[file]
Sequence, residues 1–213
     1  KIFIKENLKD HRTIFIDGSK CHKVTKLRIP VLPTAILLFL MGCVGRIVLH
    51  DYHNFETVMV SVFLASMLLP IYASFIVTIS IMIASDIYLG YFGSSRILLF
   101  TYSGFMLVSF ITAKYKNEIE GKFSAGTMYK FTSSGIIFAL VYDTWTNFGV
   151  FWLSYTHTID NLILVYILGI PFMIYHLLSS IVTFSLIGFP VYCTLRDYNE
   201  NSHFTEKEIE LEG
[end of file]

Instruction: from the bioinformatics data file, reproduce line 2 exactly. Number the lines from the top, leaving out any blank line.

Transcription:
     1  KIFIKENLKD HRTIFIDGSK CHKVTKLRIP VLPTAILLFL MGCVGRIVLH